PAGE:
Three-quarters of nurses do not think there are enough staff members to ''get the job done'', say Southampton researchers.

Only 24% of nurses believe that there are enough staff to properly care for patients.

And almost nine in 10 nurses said that at least one ''necessary activity'' was not done on their last shift due to lack of time - despite the average shift lasting for 12.8 hours.

Research, conducted by the National Nursing Research Unit, found that two fifths of nurses are dissatisfied with their job, with 44% saying they would leave their job if they could.

Researchers from King's College London and the University of Southampton said that there is an association between job satisfaction and patient to registered nurses ratios.

In wards where there were fewer patients to care for, nurses felt more satisfied with their jobs.

Nurses who had to care for fewer patients were also more likely to say that patient safety was good or excellent.

The study, conducted on almost 3,000 nurses who work in general medical and surgical wards 46 hospitals in 31 Trusts across England, found that overall, 31% of nurses said that patient care was ''acceptable'' with 7% saying it was poor or failing. Two thirds said patient safety was excellent or very good.

The authors of the study, who are working as part of the RN4CAST European research programme, also found that 42% of nurses are suffering from emotional exhaustion, with male nurses showing more signs of a ''burnout'' than their female counterparts.

More than a third of nurses said that important care information is often lost during shift changes and more than half think that ''things fall between the cracks when transferring patients from one unit to another''.

Jane Ball, deputy director of the National Nursing Research Unit at King's College London, said: ''The results provide clear evidence of the links between nurse staffing and the quality of care patients receive.

''On wards with poorer registered nurse staffing levels, nurses were more likely to say that care had been left undone due to lack of time.

''Working with inadequate staffing not only puts patients at risk, but places immense pressure on staff, and this has a knock effect on morale.

''Nearly half of the nurses we surveyed would leave their current job if they could. At a time when the number of nurses being trained is being cut, the service can ill-afford to lose this valuable expertise.''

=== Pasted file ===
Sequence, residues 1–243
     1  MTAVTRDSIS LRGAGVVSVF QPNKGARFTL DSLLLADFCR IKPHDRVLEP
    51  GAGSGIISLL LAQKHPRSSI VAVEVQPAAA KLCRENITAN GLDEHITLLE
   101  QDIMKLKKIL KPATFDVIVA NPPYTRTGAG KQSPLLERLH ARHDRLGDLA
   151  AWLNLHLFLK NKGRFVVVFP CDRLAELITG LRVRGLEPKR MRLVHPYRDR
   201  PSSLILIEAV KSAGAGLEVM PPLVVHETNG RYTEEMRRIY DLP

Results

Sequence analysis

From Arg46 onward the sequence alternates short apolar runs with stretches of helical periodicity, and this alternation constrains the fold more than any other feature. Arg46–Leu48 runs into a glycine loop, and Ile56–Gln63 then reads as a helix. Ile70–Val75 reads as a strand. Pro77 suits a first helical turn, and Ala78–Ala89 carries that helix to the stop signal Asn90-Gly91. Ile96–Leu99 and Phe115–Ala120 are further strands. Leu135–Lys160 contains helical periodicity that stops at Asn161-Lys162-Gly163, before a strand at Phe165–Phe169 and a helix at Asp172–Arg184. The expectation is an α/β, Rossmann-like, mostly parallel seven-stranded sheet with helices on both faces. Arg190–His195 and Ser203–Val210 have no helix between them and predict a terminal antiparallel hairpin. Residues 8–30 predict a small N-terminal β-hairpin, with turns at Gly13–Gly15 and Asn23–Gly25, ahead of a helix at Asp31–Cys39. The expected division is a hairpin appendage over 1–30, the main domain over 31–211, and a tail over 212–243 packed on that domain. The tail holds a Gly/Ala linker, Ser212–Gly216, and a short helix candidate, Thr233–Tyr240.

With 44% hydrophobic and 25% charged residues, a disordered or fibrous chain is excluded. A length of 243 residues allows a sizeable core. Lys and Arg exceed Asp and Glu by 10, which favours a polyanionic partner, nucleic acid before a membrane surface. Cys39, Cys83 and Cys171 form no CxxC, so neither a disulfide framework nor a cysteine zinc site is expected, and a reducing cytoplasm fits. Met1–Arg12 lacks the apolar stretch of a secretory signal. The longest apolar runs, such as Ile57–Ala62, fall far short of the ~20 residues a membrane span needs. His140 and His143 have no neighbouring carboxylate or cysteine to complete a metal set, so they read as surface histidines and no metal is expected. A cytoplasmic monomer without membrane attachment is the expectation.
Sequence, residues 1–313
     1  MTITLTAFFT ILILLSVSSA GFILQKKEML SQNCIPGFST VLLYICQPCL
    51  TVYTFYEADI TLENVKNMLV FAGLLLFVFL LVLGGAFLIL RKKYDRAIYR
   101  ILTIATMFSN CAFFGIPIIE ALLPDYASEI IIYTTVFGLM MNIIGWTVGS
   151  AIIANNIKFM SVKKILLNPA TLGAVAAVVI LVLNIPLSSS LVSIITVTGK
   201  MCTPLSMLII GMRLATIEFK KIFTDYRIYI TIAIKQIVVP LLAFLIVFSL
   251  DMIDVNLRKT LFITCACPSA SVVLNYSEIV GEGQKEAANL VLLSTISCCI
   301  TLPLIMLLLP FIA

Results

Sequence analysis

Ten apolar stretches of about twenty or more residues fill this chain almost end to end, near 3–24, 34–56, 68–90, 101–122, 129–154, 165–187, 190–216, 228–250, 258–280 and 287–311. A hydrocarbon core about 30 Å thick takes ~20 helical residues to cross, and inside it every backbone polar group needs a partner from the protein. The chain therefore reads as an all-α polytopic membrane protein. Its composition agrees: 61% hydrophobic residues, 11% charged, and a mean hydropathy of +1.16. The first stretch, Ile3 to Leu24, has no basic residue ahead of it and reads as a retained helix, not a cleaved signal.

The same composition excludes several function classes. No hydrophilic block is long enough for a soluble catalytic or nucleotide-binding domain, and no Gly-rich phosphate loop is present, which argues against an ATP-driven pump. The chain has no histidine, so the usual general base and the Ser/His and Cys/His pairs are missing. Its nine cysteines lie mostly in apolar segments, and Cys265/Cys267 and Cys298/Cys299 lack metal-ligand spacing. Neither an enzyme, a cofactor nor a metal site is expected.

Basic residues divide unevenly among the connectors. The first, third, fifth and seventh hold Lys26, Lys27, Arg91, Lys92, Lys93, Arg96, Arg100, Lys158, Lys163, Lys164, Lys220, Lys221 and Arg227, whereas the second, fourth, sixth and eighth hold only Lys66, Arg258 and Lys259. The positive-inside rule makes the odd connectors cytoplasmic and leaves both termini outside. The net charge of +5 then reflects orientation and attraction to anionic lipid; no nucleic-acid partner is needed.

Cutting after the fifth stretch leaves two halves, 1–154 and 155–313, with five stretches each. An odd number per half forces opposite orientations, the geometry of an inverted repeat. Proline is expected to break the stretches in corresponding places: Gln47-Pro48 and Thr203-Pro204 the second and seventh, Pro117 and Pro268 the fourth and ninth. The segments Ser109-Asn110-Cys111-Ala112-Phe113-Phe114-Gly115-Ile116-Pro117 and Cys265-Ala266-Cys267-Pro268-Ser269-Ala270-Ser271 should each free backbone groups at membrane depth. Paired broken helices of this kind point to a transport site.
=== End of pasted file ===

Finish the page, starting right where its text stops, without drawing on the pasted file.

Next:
Professor Peter Griffiths, chair of health services research at the University of Southampton, added: ''If there aren't enough staff, especially qualified nursing staff, then patient care suffers and certain tasks have to be abandoned due to lack of time and resources.

''This will obviously impact on staff satisfaction levels, with nurses feeling more stressed and less able to complete their job to the level they'd like.

''There were also other key issues which impact on nurses' job satisfaction, such as less than half feeling that they receive praise and recognition for good work and just over a quarter stating that they receive verbal abuse from patients or their families a few times a month.

''There is no denying that the NHS faces tough times ahead but this highlights both the importance and potential benefits of both managers and the public supporting nurses to ensure that they can deliver excellent care in the face of these challenges.''

The Royal College of Nursing (RCN) said there needs to be a system in place to guarantee safe staffing levels.

Janet Davies, executive director of nursing and service delivery at the RCN, said: ''The Government must sit up and take notice of these findings.

''Nurses regularly tell us that they are too busy to provide the standard of care they would like. When staff are pushed to breaking point, patient care is the inevitable casualty.

''Furthermore we know that over 60,000 posts are being lost in the NHS. In some areas, such as older people's wards, staffing levels are lamentably low and the workforce, despite trying their best, are stretched too thin.

''There needs to be a system in place to guarantee safe staffing levels.

''As well as harming patients and placing staff under huge pressure, this also affects NHS finances - the Boorman review identified over half a billion pounds that could be saved on a recurring basis if staff health and wellbeing was more effectively prioritised.

''Health Trusts and decision makers need to get a grip on this crisis in the making.''

Health Minister Anne Milton said: ''NHS providers should make sure they have enough staff at all times to ensure high quality of staff care.

''We recognise the link between good staff experience in the NHS and high quality patient care. This is an important study which will be useful to national nurse leaders as they develop their vision for nursing.

''We appreciate that nursing is a rewarding and demanding profession and local staffing levels need to reflect the care patients need.

''We take the health and well-being of our staff extremely seriously and we are aware that performance varies unacceptably from trust to trust.

''We are working with the NHS, NHS Employers and the Social Partnership Forum to focus on good practice, help the most challenged trusts and deliver high-impact changes to improve the health and well-being of all staff.''